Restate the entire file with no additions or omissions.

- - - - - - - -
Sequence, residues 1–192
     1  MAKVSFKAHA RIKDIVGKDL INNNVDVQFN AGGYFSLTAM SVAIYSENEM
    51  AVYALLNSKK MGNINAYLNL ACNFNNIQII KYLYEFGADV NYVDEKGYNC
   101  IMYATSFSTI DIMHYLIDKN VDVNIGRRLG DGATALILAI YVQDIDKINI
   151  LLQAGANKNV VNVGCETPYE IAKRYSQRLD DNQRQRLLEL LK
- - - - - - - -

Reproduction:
Sequence, residues 1–192
     1  MAKVSFKAHA RIKDIVGKDL INNNVDVQFN AGGYFSLTAM SVAIYSENEM
    51  AVYALLNSKK MGNINAYLNL ACNFNNIQII KYLYEFGADV NYVDEKGYNC
   101  IMYATSFSTI DIMHYLIDKN VDVNIGRRLG DGATALILAI YVQDIDKINI
   151  LLQAGANKNV VNVGCETPYE IAKRYSQRLD DNQRQRLLEL LK